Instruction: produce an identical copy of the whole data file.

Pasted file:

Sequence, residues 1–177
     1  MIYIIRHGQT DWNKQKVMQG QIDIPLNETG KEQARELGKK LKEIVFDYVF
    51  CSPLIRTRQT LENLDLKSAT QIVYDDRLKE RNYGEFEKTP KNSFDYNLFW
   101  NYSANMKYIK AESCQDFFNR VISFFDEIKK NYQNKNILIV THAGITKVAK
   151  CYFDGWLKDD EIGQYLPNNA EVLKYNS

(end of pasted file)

Sequence, residues 1–177
     1  MIYIIRHGQT DWNKQKVMQG QIDIPLNETG KEQARELGKK LKEIVFDYVF
    51  CSPLIRTRQT LENLDLKSAT QIVYDDRLKE RNYGEFEKTP KNSFDYNLFW
   101  NYSANMKYIK AESCQDFFNR VISFFDEIKK NYQNKNILIV THAGITKVAK
   151  CYFDGWLKDD EIGQYLPNNA EVLKYNS